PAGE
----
The Supreme Court recently applied its “rigorous analysis” standard to class-wide damages evidence and reversed class certification. See Comcast Corp. v. Behrend, No. 11-864 (Mar. 27, 2013) (slip opinion). The “rigorous analysis” standard has been entrenched in federal class certification jurisprudence since General Telephone Co. of Southwest v. Falcon, 457 U.S. 147, 160-61 (1982). The analysis frequently requires courts to “probe behind the pleadings” and may entail some “overlap with the merits of the plaintiff’s underlying claim.” Behrend, slip op. at 6 (citing Wal-Mart Stores, Inc. v. Dukes, 564 U.S. ___ (2011)).
In Behrend, a 5-4 majority applied the rigorous analysis to reverse certification of a class asserting antitrust claims. The specific issue in Behrend was whether the lower courts properly relied on expert evidence regarding common damages to class members as satisfying the predominance requirement of Rule 23(b). The majority found that the rigorous analysis must be applied to the predominance requirement, including consideration of merits evidence to the extent it overlapped with the class certification question. The majority concluded that the expert’s damages modeling was insufficient to show predominance because it was not isolated to the single theory of liability the lower court allowed to go forward.
A few days later, on April 1, 2013, the Court summarily vacated the judgments and remanded two other certified classes for further consideration in light of Behrend in RBS Citizens, N.A. v. Ross, 2013 U.S. LEXIS 2640, 2013 WL 1285303 (Apr. 1, 2013) (involving wage and hour claims) and Whirlpool v. Glazer, 2013 U.S. LEXIS 2695, 2013 WL 1285305 (Apr. 1, 2013) (alleged products liability claims).
In Ross, the Seventh Circuit had affirmed the district court’s pre-Dukes certification of a class of hourly bank employees who alleged wage and hour claims. See Ross v. RBS Citizens, N.A., 667 F.3d 900 (7th Cir. 2012). The Seventh Circuit found that the Supreme Court’s discussion of the Rule 23(a)(2) commonality standard in Dukes, a gender discrimination class action, did not change the commonality analysis in the context of the claims asserted in Ross. The Seventh Circuit specifically noted that the individualized inquiries as to the proof that plaintiffs were required to offer, which precluded a finding of commonality in Dukes, did not exist in Ross. Unlike in Dukes, the Seventh Circuit held that the commonality requirement was satisfied because defendant had an unofficial employment policy that was the common answer that potentially drove the litigation in Ross.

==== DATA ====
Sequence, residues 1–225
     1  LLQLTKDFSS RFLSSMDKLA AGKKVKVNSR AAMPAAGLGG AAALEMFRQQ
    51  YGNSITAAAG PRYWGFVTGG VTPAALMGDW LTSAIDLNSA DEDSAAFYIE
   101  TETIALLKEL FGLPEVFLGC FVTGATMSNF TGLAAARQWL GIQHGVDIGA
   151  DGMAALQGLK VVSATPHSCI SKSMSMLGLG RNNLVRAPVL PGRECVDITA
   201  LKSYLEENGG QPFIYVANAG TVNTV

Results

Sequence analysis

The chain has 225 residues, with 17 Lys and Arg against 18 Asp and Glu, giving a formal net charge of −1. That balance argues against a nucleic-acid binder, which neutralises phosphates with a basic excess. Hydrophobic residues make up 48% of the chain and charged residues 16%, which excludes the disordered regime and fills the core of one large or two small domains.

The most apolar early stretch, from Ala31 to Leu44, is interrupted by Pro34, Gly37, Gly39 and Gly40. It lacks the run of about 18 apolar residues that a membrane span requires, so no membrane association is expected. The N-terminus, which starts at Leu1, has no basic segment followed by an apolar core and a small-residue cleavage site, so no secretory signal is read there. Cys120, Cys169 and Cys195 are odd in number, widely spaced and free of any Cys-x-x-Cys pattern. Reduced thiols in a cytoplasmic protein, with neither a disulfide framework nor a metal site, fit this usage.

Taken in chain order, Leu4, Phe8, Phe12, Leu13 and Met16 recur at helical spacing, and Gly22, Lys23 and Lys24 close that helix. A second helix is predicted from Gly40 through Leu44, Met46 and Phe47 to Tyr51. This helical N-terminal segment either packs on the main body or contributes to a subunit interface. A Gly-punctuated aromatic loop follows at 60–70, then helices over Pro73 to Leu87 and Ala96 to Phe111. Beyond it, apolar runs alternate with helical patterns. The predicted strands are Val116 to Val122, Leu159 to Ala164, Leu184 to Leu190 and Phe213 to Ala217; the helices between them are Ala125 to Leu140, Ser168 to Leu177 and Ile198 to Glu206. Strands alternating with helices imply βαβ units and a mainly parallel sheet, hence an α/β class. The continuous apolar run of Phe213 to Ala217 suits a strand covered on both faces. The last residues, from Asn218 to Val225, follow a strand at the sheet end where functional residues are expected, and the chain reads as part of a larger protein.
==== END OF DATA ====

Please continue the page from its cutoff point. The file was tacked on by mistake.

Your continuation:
In Glazer, the Sixth Circuit had affirmed certification of a class of consumers who had purchased washing machines. See Glazer v. Whirlpool Corp. (In re Whirlpool Corp. Front-Loading Washer Prods. Liab. Litig.), 678 F.3d 409 (6th Cir. 2012). The suit alleged that the washing machines were defective in design, causing mold to grow in the machines. The district court had found that common issues predominated as to whether there was a common design defect at fault. The court had rejected Whirlpool’s argument that class certification was inappropriate because most people who purchased the model at issue never experienced any injury (i.e., mold growth). The court had also rejected Whirlpool’s argument that individual issues of the consumer’s own contribution to mold growth precluded a finding of predominance.
The Supreme Court’s reversal of class certification in the above cases strongly suggests that the rigorous analysis standard applies to all facets of the Rule 23 class certification analysis, including evidence of class-wide damages. Nevertheless, vigorous dissents were written in both Dukes and Behrend, so the proper scope and application of the analysis is likely to remain a hotly contested issue in future class action cases.